Then I had to go and screw things up by taking a full-time job at the magazine Utne Reader. I don’t love working full-time, but this was a great opportunity — especially considering the fact that I had no credentials as a magazine editor; in college and grad school, I hadn’t even studied Journalism or English. The editors of Utne Reader took a chance on me, because they liked Hermenaut.
During the couple of years I worked at Utne Reader, I aggressively requested review copies of zines — and purchased zines — in order to get as many of them as possible into the pages of the magazine.
Zinesters tended to be quite suspicious of overtures from Utne Reader, which they didn’t consider a DIY publication — though in fact it was an independent magazine.
In 1995 I began including the following FAQ with my requests for review copies of zines.
Q. What do you do at Utne Reader?
A. I was hired as an editorial assistant a year and a half ago after I sent a copy of my zine Hermenaut to the editors; apparently they liked it. Now I’m the Associate Editor, which means I do everything from editing cover sections to washing the dishes. I am in charge of the magazine’s Mixed Media section, where we review books, videos, CD-Roms, and — increasingly — zines. Since I’ve been here we’ve excerpted, reviewed, and otherwise mentioned dozens of zines. I’m proud that we’ve mostly managed to avoid talking about zines the way the mainstream does: “They’re so zany and wacky, these crazy kids!” We don’t regard zines as a hobby, a fad, or a joke.
Q. What’s your definition of “zine”?
A. That’s a much-argued question among zine publishers. Factsheet Five, which most of us regard as the definitive catalog of the zine scene, defines a zine as “any small press publication with a press run of between 15 and 2,500.” This numerical definition is too limiting, if you ask me: A zine made for five readers is still a zine; and so is Rollerderby, whose circulation is well above 2,500. Factsheet Five goes on to claim that zines “aren’t slick, they aren’t professional quality, and they don’t make a profit.” I reject this authenticity-mongering definition too. The publishers of zines like Motorbooty and Ben is Dead try to make their zines slick and professional-looking. And if a zine publisher makes a profit, shouldn’t that fact be celebrated by the zine community? I agree that profit should not be the motivating force behind a zine’s existence — but success does not automatically mean selling out. In my opinion, a zine is any publication whose editorial content is not driven by market forces. Therefore, I would call Factsheet Five a zine, despite its large press run and profitability.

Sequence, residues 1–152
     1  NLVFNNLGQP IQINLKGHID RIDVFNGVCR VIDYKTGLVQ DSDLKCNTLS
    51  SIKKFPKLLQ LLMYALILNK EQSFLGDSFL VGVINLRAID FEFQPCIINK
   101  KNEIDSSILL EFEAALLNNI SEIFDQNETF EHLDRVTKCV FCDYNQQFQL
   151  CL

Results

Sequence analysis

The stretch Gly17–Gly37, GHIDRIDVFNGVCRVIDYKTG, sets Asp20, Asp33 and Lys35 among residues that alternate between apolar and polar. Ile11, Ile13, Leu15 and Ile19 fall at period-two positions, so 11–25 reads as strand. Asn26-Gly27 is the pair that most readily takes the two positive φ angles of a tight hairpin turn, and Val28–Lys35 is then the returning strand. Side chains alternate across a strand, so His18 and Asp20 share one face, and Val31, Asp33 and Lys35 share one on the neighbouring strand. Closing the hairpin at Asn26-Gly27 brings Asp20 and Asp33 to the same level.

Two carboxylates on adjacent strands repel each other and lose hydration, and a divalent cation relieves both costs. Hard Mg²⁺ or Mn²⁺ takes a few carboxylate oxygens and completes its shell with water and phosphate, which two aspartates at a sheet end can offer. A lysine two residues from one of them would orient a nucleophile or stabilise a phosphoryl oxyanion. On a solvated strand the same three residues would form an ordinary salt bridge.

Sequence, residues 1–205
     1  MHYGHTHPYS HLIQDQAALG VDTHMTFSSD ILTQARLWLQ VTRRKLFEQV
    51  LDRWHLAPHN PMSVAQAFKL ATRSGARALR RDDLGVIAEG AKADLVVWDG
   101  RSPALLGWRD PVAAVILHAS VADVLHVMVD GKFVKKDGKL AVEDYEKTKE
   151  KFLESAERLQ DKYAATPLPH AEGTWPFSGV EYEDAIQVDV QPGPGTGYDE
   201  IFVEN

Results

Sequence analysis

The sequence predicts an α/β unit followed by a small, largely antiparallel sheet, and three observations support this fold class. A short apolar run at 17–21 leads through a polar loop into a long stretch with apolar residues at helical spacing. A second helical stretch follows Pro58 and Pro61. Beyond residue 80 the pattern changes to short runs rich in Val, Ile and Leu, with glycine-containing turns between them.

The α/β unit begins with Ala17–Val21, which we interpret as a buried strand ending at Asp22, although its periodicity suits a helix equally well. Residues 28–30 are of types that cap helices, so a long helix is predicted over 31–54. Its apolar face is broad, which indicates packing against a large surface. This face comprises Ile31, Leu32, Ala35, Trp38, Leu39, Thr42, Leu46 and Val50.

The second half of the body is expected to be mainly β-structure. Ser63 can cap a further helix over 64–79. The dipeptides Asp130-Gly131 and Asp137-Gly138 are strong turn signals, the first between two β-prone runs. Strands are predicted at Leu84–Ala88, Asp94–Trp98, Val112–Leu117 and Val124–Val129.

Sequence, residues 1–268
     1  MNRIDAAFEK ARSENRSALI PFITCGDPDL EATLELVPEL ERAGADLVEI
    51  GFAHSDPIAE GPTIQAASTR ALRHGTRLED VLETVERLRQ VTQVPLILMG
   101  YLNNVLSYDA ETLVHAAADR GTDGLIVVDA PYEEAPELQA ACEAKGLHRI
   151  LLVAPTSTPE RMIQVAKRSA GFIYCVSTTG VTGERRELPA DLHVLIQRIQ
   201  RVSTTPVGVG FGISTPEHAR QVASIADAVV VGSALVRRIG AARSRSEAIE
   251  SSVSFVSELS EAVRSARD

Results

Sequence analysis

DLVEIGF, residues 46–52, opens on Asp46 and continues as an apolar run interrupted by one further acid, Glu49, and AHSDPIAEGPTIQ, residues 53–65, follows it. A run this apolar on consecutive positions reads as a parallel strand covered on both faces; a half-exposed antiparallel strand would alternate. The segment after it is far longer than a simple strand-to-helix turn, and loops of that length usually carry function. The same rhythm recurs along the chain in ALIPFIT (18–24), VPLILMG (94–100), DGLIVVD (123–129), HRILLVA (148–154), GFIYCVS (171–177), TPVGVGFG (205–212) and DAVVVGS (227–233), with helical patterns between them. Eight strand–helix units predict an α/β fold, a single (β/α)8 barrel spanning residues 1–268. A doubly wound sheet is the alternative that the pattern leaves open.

Q. What’s new in zines?
A. I’m fascinated by the emergence of a new phylum of zine, what Factsheet Five calls “independently produced magazines” but which I call “emerged” zines — like Motorbooty, Ben is Dead, The Idler, Bunnyhop, and many others. I aspire to make my own zine as handsome and carefully produced as these are. Without selling out, of course.
This is a 25-part series in which HiLobrow editor Joshua Glenn, who from 1990–93 published the zine Luvboat Earth and from 1992–2001 published the zine/journal Hermenaut, bids a fond farewell to his noteworthy collection of zines, which he recently donated to the University of Iowa Library’s zine and amateur press collection.